Details on “The Lure of Dating an ex-lesbian”


Details magazine wants to know “Is landing a woman who once found gratification in her own sex really a cause for celebration—or something more like trepidation?” Read: What can a lesbian do for you, stud?

In a piece called “The Lure of Dating an Ex-Lesbian,” Details contributor Ian Daly makes the case for men who date “former lesbians,” including ones who have dated women but have also dated men, clearly illustrating Ian Daly has never heard the term “bisexual.”

His first point on the “pro” list of dating a woman who has been with women: Despite the fact that a lesbian has “more experience” than a guy (as opposed to also having been with a man? I don’t think that’s quite what they mean), she can also quell her longings for the same sex because Anne Heche has done it.

Seriously — Anne Heche was used as a positive example of a hasbian who has “successfully” left women for men. But if only Daly were just clueless and not completely ignorant. He follows the note about Ellen’s ex up with this tidbit:

Even Ani DiFranco, folk guitarist, feminist icon, and prominent bisexual, just hitched up with a man for the second time last January — in freaking Hawaii. And Lindsay Lohan — well, these days it’s safe to say Firecrotch will take whatever she can get.

So Ani is twice as hetero now that it’s her second marriage to a man, and Lindsay is willing to have a relationship with anything that moves? (That’s the only reason she’d leave men for Sam Ronson, right?) Any credibility I might have given Ian Daly or Details, for that matter, has now went out the door. At least he notes Ani is a bisexual, but that’s quickly a moot point when he acts as if she gets less gay by the second because of her current relationship status.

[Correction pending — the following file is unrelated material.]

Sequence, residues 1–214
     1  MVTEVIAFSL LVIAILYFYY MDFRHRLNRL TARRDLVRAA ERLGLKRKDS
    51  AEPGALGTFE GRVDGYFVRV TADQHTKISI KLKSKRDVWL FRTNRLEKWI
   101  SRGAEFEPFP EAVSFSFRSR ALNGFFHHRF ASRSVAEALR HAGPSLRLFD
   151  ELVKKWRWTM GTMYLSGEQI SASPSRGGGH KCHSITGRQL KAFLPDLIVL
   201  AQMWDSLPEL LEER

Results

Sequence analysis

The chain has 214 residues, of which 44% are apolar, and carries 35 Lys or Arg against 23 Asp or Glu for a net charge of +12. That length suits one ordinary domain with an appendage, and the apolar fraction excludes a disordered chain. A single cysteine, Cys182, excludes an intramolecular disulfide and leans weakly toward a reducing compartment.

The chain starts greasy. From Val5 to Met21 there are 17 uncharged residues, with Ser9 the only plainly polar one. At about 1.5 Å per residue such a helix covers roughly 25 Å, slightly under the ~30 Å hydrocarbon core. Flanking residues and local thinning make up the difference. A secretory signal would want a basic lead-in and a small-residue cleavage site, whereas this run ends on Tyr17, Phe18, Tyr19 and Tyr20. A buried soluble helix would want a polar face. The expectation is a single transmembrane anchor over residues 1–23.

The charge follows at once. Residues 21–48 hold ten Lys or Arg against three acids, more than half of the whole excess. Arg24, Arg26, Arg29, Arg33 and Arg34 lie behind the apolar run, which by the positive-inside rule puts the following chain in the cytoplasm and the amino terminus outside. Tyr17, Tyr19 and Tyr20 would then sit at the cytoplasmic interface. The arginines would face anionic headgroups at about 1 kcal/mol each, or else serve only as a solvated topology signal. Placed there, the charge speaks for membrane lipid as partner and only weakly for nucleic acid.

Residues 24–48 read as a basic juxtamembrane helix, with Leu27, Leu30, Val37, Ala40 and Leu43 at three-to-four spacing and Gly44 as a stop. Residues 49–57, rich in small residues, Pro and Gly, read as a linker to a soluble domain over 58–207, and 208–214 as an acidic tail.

Back to the point Daly is attempting to make: Dating a former lesbian can work. Oh wait — first there is an interlude of why being a gay woman is more acceptable today: The Indigo Girls, k.d. lang, Katy Perry, and Rachel Maddow. (One of these things is not like the other.) Daly writes:

It’s safe to say the novelty has faded. A woman who began her sexual exploration in the lesbian-leaning nineties would be in her thirties now. Is it unreasonable to suggest her biological clock could also affect her sexual proclivities?

Are you kidding me? Daly is suggesting something we’ve fought for years, as both lesbians and bisexual women: That having feelings for other women is a phase, that it could pass with simply a yearning for a child or merely aging at all. Instead, our sexuality is a novelty? I’d like to meet this guy in a dark alley — with some LGBT historical literature, of course. I don’t even need to tell you that all of these “examples” (minus the glaring misstep) are out and proud and not hasbians at all.

And then we get into even more eye rolling territory where this sentence actually happens:

“I worried that perhaps I was a bit inadequate … that my penis wasn’t as big as her dildo.”

Well that’s probably true. But, in any case, I’d like to give any woman the benefit of the doubt that she is capable of maintaining a healthy, happy relationship with a man or a woman without only thinking of the size of the sex in her life, if you know what I’m saying. We’re talking about feelings and relationships here and while sex is certainly a huge part of a partnership, a straight woman could just as easily think you’re inadequate too, buddy.

The piece abruptly ends, having made no points at all, with an example of men who have had to soften up to match up with their butchier female partners, like Anne Heche’s Off Broadway-bound boyfriend, Tupper.

It is hardly a stretch, then, to suggest that the reason modern men are more ably attracting hasbians is that modern men are, quite simply, offering these women something close to what they had before.

So lesbians that date men are doing so because men are softening up a little? I missed that press release: “Men Try Out Crying, Cooking in Search for a Perfect Hasbian Partner; Hope Penis is Big Enough.”

Details, I’d give you an A for effort, but I think your writer simply took a fantasy and ran with it — right into crazy town.